Recent reminders of the over-representation of First Nations children in child welfare services and of those services’ shortcomings and harms have come from the courts, a public inquiry in Quebec and Parliament. At the same time, jurisdictional wrangling persists about who should be running such services, with Quebec and Ottawa disputing how much authority can be transferred to Indigenous communities. A recent study in which I was involved supports Indigenous communities running these services for themselves.
Our small-scale study, done collaboratively with the Native Women’s Shelter of Montreal, strongly suggests the limits of the colonial state’s system, favouring instead the empowerment of Indigenous communities. We interviewed lawyers, social workers and judges who have worked with Indigenous families to hear their views on the experience for Indigenous parents. The shelter suggested that we speak with experienced professionals, because it was interested in their views on possible improvements to legal procedures. Hearing directly from Indigenous parents would be another valuable initiative.
Our participants cast Indigenous parents’ dealings with child welfare and the youth courts in overwhelmingly negative terms. They work in a system that they concede to be broken and harmful. They spoke about child welfare’s colonial impact and Indigenous parents’ feelings of defeat, shame and mistrust when dealing with it.
One of the lawyers we interviewed (we provided all participants with anonymity) said mistrust is still present despite widespread talk about reconciliation, forgiveness and making amends: “It’s like it’s too little, too late,” the lawyer said. “There’s a huge mistrust of the white person, there’s a huge mistrust of the system, there’s a huge mistrust of social workers.”
Mistrust also emerged on the part of potential fosterers. Our participants raised the potential gains of placing children in Indigenous foster families and giving authority to run child welfare to Indigenous communities. Although “plac[ing] a child in a white foster family is terrible,” the lawyer said there are severe obstacles in recruiting foster families from Indigenous communities.
A social worker we interviewed reported that “a lot of times people are, like, I would love to foster but I just don’t want to have the involvement of DYP [the director of youth protection] in my life.”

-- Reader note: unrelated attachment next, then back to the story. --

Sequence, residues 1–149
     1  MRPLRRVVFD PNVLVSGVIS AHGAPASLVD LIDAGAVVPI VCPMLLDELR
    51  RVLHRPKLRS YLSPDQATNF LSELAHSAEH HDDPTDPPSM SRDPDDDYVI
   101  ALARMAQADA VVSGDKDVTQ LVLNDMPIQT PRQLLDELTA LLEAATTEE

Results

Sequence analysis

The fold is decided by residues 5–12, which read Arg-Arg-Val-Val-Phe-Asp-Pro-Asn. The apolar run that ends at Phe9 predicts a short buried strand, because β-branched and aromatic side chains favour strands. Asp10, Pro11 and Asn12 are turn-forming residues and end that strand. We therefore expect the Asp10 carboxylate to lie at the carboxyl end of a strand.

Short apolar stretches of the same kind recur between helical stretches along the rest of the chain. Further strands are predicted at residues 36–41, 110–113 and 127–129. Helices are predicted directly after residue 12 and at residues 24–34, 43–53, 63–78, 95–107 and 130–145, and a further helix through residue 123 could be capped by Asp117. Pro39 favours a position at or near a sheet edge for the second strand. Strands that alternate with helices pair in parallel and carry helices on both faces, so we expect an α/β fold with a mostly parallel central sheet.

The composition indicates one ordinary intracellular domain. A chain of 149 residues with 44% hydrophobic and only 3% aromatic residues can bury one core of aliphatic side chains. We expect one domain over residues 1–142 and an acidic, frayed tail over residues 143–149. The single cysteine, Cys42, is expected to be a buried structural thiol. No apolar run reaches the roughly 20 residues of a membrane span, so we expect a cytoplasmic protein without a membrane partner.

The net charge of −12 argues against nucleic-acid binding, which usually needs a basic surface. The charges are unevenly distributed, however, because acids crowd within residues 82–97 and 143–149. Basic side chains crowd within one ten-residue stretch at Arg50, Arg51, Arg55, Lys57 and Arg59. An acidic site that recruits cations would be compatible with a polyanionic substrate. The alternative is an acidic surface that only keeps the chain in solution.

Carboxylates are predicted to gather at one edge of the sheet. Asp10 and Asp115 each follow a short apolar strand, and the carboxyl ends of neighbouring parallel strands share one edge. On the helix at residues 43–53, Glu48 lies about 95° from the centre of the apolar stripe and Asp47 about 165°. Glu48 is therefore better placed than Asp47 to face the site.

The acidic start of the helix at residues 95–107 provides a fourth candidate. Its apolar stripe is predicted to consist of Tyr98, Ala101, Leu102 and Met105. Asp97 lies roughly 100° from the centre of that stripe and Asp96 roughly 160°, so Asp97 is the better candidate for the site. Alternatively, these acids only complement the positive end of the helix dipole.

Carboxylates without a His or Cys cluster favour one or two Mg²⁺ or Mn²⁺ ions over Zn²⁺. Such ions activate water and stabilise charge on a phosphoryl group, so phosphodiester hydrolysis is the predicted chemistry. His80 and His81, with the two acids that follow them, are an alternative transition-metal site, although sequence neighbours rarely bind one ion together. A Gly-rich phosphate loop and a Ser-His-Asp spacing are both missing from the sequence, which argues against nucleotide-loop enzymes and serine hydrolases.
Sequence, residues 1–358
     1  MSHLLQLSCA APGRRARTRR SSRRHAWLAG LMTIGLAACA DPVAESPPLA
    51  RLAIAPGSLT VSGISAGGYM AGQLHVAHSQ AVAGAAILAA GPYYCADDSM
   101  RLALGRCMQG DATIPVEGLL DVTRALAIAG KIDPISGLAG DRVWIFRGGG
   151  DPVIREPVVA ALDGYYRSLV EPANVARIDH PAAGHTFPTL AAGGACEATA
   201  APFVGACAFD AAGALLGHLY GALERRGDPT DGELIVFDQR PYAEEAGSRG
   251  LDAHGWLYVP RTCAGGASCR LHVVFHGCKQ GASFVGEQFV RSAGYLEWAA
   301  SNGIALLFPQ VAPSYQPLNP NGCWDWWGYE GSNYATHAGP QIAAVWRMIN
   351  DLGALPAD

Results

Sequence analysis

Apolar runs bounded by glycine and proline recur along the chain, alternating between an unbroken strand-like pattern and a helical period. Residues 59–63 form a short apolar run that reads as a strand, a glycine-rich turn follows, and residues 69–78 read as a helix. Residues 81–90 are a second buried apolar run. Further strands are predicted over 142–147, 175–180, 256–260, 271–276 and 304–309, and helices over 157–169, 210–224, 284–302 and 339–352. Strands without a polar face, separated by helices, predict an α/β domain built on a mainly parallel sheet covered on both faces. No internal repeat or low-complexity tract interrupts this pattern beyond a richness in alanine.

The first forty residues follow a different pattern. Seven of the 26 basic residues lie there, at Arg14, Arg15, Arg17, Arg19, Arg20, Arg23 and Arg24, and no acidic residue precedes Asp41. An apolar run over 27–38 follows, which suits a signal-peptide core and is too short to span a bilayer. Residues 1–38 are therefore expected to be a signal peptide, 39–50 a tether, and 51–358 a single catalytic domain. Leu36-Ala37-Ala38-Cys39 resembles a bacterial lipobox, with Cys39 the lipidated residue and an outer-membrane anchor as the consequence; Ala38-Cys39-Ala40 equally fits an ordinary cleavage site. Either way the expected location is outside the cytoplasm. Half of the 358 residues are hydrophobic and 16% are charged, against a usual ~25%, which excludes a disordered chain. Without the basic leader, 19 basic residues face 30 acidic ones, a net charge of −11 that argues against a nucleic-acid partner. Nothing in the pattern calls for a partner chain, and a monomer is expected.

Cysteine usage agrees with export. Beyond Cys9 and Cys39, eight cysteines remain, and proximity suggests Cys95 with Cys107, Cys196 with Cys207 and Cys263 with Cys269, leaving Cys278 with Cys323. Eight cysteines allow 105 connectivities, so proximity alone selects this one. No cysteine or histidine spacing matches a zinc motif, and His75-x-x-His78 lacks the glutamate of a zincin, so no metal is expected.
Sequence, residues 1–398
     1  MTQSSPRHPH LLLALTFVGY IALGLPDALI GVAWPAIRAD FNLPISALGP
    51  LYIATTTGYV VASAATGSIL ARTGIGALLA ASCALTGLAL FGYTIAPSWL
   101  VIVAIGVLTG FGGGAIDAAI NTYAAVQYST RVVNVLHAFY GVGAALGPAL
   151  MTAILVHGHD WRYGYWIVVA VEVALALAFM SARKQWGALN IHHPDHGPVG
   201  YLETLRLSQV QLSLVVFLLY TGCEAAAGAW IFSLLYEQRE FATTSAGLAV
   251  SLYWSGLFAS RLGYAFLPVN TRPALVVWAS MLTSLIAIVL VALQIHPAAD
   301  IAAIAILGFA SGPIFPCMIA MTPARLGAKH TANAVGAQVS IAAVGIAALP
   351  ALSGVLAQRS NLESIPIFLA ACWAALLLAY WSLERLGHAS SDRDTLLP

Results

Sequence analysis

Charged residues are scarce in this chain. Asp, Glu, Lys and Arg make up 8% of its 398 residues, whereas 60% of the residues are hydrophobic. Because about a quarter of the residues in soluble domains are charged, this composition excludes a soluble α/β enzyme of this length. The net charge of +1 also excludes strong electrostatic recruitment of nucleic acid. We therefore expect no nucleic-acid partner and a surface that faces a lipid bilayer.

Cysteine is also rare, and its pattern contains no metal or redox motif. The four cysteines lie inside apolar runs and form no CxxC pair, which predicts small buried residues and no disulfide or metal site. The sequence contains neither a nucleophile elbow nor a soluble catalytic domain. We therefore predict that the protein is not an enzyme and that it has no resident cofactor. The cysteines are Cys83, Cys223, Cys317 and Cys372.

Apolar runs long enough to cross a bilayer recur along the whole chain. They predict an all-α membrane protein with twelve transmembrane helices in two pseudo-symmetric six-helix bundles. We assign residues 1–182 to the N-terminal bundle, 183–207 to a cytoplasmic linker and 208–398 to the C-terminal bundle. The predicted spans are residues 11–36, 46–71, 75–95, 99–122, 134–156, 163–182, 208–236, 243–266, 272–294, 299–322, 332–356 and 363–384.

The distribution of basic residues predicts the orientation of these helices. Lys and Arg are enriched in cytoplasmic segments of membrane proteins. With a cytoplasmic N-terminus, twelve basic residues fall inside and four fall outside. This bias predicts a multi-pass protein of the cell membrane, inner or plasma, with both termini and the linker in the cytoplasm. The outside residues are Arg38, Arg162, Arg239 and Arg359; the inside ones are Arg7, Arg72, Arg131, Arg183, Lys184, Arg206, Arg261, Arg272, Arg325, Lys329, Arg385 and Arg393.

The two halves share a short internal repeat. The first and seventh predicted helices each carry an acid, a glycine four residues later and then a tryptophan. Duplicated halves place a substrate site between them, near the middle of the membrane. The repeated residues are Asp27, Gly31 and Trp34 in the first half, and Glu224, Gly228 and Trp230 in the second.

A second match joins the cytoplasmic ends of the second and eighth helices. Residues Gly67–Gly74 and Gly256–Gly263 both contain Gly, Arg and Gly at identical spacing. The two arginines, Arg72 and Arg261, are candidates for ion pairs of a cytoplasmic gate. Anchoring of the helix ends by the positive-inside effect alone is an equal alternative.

Interviews proved consistent with observations that Indigenous families who are engaged with the system often feel as though their experiences, perspectives and needs are given less credence than those of the state’s social workers.
Another lawyer said they feel often that the Indigenous parents “don’t really know how to testify” or “how to explain themselves.” It was observed that the mothers rarely “feel confident enough to explain their point of view” in front of the judge.
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A third lawyer made the observation that “because of the history,” Indigenous parents experience difficulties in “[f]inding their voice” when dealing with the judicial system and the DYP. This was supported in another interview with a lawyer who underscored the challenge of informing Indigenous clients about the functioning of the judicial system; translation falls short when the destination language has no words for elements of the civil system. As one of the interviews suggested, there was a perceived sense of defeat that, no matter what some parents said, the government (or courts) would take their child.
Our participants also commented on state workers’ ignorance of Indigenous family practices and the ongoing harms of settler colonialism. It was observed that judges – “predominantly white, upper-middle-class men” – would benefit from several sessions of training about Indigenous Peoples. One of the interviews suggested that social workers should adopt a broader “notion of the group, the culture, the collectivity and the immediate extended family.”
The recommendation we heard most frequently was for more training about Indigenous Peoples. But a critical literature on professional education – developed in the health sciences – cautions that such training has limited capacity to change institutions substantially. Teaching about matters such as how to read an Indigenous person’s avoidance of eye contact might help professionals to receive Indigenous parents’ testimony more fairly.
But it is unclear how much greater knowledge of Indigenous family practices, including the extended family’s role, would change decision-making within the state system. Realistically, what is the potential impact of training in an underfunded, overstretched system? One participant’s nod toward a three-hour online module indicates the scale of training that some would envisage for overworked professionals. While those we interviewed may have been sincere in recommending more training, the repetition of this suggestion gave it an air of performance.
A focus on more professional training shelters the institutions in question from fundamental disruption. While recommendations focused on adjustments to individual conduct – on the part of state personnel and Indigenous parents – structural and fundamental changes seem necessary.
The study arguably reinforces calls not to fix the colonial system but instead to transfer authority over child welfare to Indigenous communities. Ultimately, the reasons for skepticism in respect of incremental improvements within the state’s system of child welfare confirm the urgency of empowering and equipping Indigenous communities to manage this critical area. It will be essential to have more research on outcomes from those Indigenous communities that do so, given the unavoidable challenge of contending with intergenerational trauma.